Thai police have raided the country's biggest and wealthiest Buddhist temple to search for an influential monk wanted on charges of money laundering and accepting £32m ($40m) in embezzled money.
The former abbot, 72-year-old Phra Dhammachayo, faces charges of conspiracy to launder money and receive stolen goods, as well as taking over land unlawfully to build meditation centres. His aides dismiss the accusations as politically motivated. With political parties and many activists silenced since a coup in 2014, the scandal-hit Dhammakaya Temple is a rare institution in defying the junta.
Thousands of black-clad police and personnel in combat uniforms deployed before dawn around the temple compound, which at 1,000 acres (400 hectares) is nearly 10 times the size of the Vatican City. Facing off against them were monks in saffron robes and devotees, who sat on the ground in prayer.
Security forces went in hours after Prime Minister Prayuth Chan-ocha used a security measure that critics dub "the dictator's law" to give forces a free hand to arrest, search, demolish or do anything else they see fit to apprehend the monk. It was not clear if Dhammachayo, who has not been seen in public for months, was inside the temple, known for its vast golden dome seeming to hover like a gilded UFO.
Phra Pasura Dantamano, a Dhammakaya spokesman, said Dhammachayo was innocent and criticised the authorities for being heavy-handed. He estimated that 10,000 followers were in the temple, a figure that could not be confirmed.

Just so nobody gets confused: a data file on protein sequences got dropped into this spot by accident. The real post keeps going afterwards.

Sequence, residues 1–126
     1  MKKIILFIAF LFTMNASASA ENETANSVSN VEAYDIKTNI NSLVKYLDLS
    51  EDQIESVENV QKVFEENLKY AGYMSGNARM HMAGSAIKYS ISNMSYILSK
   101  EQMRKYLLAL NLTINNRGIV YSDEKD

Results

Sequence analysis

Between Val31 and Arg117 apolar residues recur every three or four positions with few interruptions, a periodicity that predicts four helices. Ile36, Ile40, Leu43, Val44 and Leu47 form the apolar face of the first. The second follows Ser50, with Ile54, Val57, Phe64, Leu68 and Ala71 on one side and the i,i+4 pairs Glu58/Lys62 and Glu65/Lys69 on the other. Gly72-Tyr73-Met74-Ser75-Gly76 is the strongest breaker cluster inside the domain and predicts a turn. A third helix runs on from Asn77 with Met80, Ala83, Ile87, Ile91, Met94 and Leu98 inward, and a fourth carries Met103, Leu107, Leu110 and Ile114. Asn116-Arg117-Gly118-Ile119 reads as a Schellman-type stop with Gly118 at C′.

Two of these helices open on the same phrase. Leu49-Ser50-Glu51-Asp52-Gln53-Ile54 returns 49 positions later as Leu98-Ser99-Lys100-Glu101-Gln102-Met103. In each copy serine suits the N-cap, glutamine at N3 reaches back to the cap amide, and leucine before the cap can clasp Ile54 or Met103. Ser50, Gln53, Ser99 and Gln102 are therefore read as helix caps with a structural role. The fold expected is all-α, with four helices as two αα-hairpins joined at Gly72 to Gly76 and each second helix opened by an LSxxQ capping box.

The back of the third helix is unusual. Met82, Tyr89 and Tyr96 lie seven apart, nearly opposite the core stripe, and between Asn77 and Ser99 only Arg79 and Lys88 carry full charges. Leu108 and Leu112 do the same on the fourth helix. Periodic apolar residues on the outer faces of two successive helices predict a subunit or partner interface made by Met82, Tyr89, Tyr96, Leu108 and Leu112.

The campaign against the sect is also thought to have political motivations because the temple and its followers are seen as supporters of former Prime Minister Thaksin Shinawatra, deposed by a 2006 military coup. The charges were brought under an anti-Thaksin military government that seized power in 2014 and is seeking to erase his power base.
The Dhammakaya sect is controversial for fusing Buddhism theology with what critics call a bourgeois, money-friendly ideology, a message that is appealing to Thailand's burgeoning middle-class. The sect was founded in 1970 and its base ballooned in Thailand's economic boom of the 1980s. Its increasing size and influence drew scrutiny, and Dhammachayo was forced to temporarily step down as the temple's abbot following embezzlement accusations in 1999 and 2002. He resumed his post in 2006 after clearing his name.